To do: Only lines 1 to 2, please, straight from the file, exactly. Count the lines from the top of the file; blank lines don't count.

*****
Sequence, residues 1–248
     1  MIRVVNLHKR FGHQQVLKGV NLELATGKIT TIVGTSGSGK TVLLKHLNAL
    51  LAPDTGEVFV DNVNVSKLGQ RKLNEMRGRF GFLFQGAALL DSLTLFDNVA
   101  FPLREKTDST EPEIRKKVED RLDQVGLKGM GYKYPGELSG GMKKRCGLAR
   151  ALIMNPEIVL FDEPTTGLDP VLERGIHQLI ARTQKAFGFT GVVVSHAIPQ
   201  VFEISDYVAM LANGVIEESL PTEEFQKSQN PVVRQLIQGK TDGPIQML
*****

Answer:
Sequence, residues 1–248
     1  MIRVVNLHKR FGHQQVLKGV NLELATGKIT TIVGTSGSGK TVLLKHLNAL